With the current market volatility and general mood of uncertainty with the economy and society, many Singaporeans may be wondering if it’s a good time to invest. While navigating the markets can be complex for many, especially investors in Singapore who are newer to the markets or those who feel less confident to do self-directed investing, there is no good excuse not to invest as over time, they will be able to reap the rewards.
As lower and negative interest rates become a new normal, it becomes less likely for consumers to gain any significant saving rates from the banks and more imperative to seek higher returns in assets like equities.
Not about timing the market, but about time in the market
The current climate is where the simple but effective investment strategy of Dollar-Cost Averaging (DCA) could work well to produce rewards for investors in the long run. With DCA, investors will buy more shares when prices are low and fewer shares when prices are high. Over time, that should result in a lower cost per share, which is less than the average price per share.
DCA investing keeps investors engaged in the markets. The longer term horizon means that DCA is not for traders, but really for long-term investors who are committed to riding out the highs and lows of business cycles, and are looking to compound their wealth over time. While investors are of course exposed to market risk, there are also growth opportunities to be reaped over time. Although past performance is no guarantee of future returns, over long periods of time, history has generally favoured the bulls over the bears.
Investing into a regular savings product is a relatively fuss-free way that allows investors, even rookie ones, to participate in the market, without waiting to save or receive a large lump sum of money to getting a start in building their weight. The sooner one gets into the game of compounding returns, the bigger the overall results are.
Typically, most regular savings plans let people invest a fixed amount of funds every month into buying blue chip stocks, bonds and ETFs, using DCA to protect people from the volatility of the markets by buying in small chunks and on a regular basis, regardless of price.
One way to mitigate the risk of, say, a single stock going bankrupt, is to deploy the DCA strategy on a broad basket of single stock names, or on a main index like the Nasdaq-100 or on a name one knows very well (e.g. Amazon, Microsoft, Altria, Exxon, Tencent, Alibaba).
Another way is to directly invest into managed portfolios rather than a single stock or ETFs via a regular savings plan. There are benefits to investing into a regular savings plan that channels the funds into professionally managed portfolios – first of all, it lets investors enjoy having an automated allocation to DCA, which frees them from the pressures and time of watching the market, including the psychology of trying to decide whether investors are being driven by FOMO (Fear Of Missing Out) or are not sure if this is the best time to BTD (Buy the Dip). Secondly, a much more diversified portfolio tends to deliver stronger results for those who invest over time, as the same amount of money invested each month into the portfolio buys up more of an asset when prices go down and less when prices go up.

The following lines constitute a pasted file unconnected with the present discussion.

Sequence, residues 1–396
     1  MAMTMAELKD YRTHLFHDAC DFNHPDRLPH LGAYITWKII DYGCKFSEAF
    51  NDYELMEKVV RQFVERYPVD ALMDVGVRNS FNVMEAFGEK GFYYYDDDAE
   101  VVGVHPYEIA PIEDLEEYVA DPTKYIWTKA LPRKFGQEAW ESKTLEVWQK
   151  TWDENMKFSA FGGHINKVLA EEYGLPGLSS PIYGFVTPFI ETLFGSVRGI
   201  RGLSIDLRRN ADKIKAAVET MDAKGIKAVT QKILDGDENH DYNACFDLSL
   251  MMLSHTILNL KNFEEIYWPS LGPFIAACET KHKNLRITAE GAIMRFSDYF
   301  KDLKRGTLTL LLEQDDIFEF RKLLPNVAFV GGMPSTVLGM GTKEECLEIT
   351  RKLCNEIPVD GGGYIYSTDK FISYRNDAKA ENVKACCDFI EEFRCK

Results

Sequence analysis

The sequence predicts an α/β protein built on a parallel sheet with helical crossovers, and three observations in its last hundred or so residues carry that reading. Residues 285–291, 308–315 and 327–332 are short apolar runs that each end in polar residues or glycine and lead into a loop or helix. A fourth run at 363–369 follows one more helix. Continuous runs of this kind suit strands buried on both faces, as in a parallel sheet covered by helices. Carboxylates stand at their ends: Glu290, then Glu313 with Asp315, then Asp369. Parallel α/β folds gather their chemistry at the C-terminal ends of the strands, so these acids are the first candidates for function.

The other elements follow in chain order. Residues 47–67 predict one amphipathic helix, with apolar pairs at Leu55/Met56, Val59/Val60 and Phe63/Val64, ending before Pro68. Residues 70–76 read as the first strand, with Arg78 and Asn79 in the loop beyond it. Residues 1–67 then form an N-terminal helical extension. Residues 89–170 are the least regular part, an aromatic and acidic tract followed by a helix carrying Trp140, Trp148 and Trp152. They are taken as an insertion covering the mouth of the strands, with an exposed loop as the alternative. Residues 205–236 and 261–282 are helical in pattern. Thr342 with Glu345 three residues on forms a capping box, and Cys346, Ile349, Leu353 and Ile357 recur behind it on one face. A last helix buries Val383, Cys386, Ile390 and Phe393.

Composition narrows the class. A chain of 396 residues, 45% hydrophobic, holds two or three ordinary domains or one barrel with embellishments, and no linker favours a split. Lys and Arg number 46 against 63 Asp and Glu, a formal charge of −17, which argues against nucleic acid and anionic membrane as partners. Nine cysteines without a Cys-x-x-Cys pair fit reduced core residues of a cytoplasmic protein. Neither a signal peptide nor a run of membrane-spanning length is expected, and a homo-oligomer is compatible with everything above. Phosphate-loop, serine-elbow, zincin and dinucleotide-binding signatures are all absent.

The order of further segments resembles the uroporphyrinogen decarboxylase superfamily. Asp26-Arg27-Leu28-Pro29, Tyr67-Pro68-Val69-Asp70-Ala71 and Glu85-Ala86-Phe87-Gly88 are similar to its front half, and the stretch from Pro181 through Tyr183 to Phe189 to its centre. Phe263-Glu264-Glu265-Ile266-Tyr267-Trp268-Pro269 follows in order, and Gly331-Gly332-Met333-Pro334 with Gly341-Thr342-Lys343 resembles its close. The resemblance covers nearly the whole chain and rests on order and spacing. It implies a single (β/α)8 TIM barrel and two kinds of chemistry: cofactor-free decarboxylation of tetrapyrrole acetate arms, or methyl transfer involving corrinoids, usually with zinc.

A strategy for rain or shine
Timing the market is incredibly hard, if not downright impossible to be done consistently over time.
There are full-time professionals with billions of capital, access to the best technology, people and research, who even with all those resources, cannot time the market perfectly over time.
From internal and external research, people are looking for ease of use, ease of account opening, low fees and mobile access when it comes to online investment. For regular investors who want their money to work harder for them, investing a set small amount relative to salary every month into a diversified managed portfolio lets investors get into professionally managed ETF portfolios affordably, allowing investors to structure their lifestyle for wealth building over time. The risk of not investing a small amount of money every month, is that the same amount of money probably ends up getting spent on something else.
It may seem like a boring strategy that may not be the talk of the dinner table – yet take it from one of the best money managers to have ever lived, George Soros, who says “good investing is boring”.
By investing over time, investors are basically diversifying the timing risk in regards to the market – i.e. not buying at the top before a huge market crash or bad earnings announcement by a company, and they are likely to win in the long run, be it rain or shine.
The views expressed in this column are the author's own and do not necessarily reflect this publication's view, and this article is not edited by Singapore Business Review. The author was not remunerated for this article.
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Adam Reynolds is Asia Pacific Chief Executive Officer (CEO) of Saxo Markets, a licensed subsidiary of Saxo Bank, a leading Fintech specialist that connects people to investment opportunities in global capital markets. Adam joined Saxo Bank in 2014 and has more than 30 years’ experience in the financial markets as a macro trader and manager of financial markets trading, sales and portfolio management teams.